on New Zealand’s building stock. See e.g. Centre for Housing Research, “The Impact on Housing Energy Efficiency of Market Prices, Incentives and Regulatory Requirements” (Wellington, 2006) <> .

  1. Neil Gunningham & Peter Grabosky, Smart Regulation: Designing Environmental Policy

(Clarendon Press, Oxford, 1998).

  1. See e.g. Eric W Orts, “Reflexive Environmental Law” (1995) 89 Nw U L Rev 1227.
  2. John C Dernbach, “Overcoming the Behavioral Impetus For Greater U.S. Energy Con- sumption” (2007) 20 Pac McGeorge Global Bus & Dev L J 15, 30.
  3. That increased energy efficiency should be a first step in mitigating climate change is certainly not a new idea. See the many works on the issue by Amory Lovins of the Rocky Mountain Institute; see also Adrian J Bradbrook, “The Development of a Protocol on Energy Efficiency and Renewable Energy to the United Nations Framework Convention on Climate Change” (2001) 5 NZJEL 55.
  4. As Jeffrey Sachs and others have noted, there is a sentiment particularly among economists that putting a price on carbon will cause a sufficient reduction in emissions. But as Professor Sachs has pointed out, this is not the case. Jeffrey D Sachs, “Keys to Climate Protection (Extended version)”, Scientific American (March 2008) < cfm?id=technological-keys-to-climate-protection-extended> .



Examining the merits of reducing New Zealand’s GHG emissions from build- ings first requires placing the overall need for near-term reductions in context, both at the international and domestic level.

2.1 The Importance of Near-term Emission Reductions

It can now be fairly said that there is a global scientific consensus that concen- trations of GHGs in the earth’s atmosphere have increased dramatically in the past two centuries,23 with the greatest increases occurring since 1970.24 These increases have been significant enough already to warm the earth’s climate beyond a level of natural variation, and over the course of the next century will cause the climate to warm further.25 The extent of this future warming depends on the levels at which the concentration of GHGs in the atmosphere are stabilised.26

The IPCC has developed a matrix of scenarios which relate a certain amount of temperature increase (once all committed warming has been realised) with particular levels of stabilised GHG concentrations and, in turn, by when emis- sions need to peak and then fall to achieve those stabilised concentrations.27 Across scenarios, the earlier emissions peak and decline, the lower the level at which temperatures will stabilise.28 Given this, and in light of the inertia in the climate system as well as the inertia in human social and economic systems, the IPCC concluded that emission mitigation efforts in the next several decades will have a disproportionately large impact on the ability to achieve lower GHG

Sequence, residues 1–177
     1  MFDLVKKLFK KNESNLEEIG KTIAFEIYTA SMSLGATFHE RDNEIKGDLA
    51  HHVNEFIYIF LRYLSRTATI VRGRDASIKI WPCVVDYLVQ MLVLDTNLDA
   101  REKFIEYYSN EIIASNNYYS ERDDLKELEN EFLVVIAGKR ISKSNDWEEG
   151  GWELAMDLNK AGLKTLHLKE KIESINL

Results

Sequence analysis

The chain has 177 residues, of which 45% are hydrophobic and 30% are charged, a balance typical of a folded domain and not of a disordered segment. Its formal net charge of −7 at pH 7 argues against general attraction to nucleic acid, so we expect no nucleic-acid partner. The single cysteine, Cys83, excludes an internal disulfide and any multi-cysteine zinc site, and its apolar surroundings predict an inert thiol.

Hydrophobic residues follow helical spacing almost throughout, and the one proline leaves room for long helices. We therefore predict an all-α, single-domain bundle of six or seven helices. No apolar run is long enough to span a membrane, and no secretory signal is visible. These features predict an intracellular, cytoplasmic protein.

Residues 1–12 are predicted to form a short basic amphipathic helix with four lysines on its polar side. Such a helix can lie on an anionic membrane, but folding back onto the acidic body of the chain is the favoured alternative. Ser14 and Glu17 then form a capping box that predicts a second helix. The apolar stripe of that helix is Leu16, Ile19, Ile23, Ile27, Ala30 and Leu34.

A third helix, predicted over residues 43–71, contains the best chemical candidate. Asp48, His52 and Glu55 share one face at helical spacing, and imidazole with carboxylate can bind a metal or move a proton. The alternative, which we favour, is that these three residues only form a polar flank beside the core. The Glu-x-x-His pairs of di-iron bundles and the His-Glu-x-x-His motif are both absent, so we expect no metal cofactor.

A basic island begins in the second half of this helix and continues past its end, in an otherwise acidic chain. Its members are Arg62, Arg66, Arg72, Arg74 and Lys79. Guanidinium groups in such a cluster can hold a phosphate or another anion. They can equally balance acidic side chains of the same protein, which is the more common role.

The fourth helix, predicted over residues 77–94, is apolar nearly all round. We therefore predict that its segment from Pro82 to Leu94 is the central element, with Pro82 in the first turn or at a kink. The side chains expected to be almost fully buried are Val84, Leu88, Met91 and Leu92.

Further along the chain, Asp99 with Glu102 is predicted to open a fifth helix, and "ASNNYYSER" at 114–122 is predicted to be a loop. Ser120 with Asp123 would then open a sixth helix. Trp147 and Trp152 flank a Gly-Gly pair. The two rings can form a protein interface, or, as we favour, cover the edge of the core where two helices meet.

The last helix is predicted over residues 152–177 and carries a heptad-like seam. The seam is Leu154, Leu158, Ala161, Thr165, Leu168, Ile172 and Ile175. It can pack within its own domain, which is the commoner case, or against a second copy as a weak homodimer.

1. Lenny Bernstein et al, “Climate Change 2007: Synthesis Report, An Assessment of the Intergovernmental Panel on Climate Change” <> (hereinafter “IPCC Synthesis Report”) at 37.
  2. Global GHG emissions have increased by 70% between 1970 and 2004. IPCC, “Summary for Policymakers” in B Metz et al (eds), Climate Change 2007: Mitigation. Contribution of Working Group III to the Fourth Assessment Report of the Intergovernmental Panel on Climate Change (Cambridge University Press, Cambridge, UK, 2007) (hereinafter “IPCC Working Group III Report”) at 3.
  3. A warming of global surface temperatures of about 0.2°C per decade for the next two decades is expected under a range of emission scenarios. After that the amount of further temperature increases is largely a function of the level at which GHG concentrations are stabilised in the atmosphere. IPCC Synthesis Report, supra note 23, at 30, 39–41, 45.
  4. IPCC Synthesis Report, supra note 23, at 66–67.
  5. Ibid, at 67.
  6. Ibid. For example, to limit the equilibrium temperature increases to the 2.8–3.2°C range above pre-industrial temperatures, emissions would need to peak sometime between 2010 and 2030 and decline thereafter.

concentrations and thus a lower stabilised temperature increase.29 “Delayed emission reductions significantly constrain the opportunities to achieve lower stabilisation levels ... [M]itigation actions begun in the short term would avoid locking in both long-lived carbon intensive infrastructure and development pathways, reduce the rate of climate change and reduce the adaptation needs associated with higher levels of warming.”30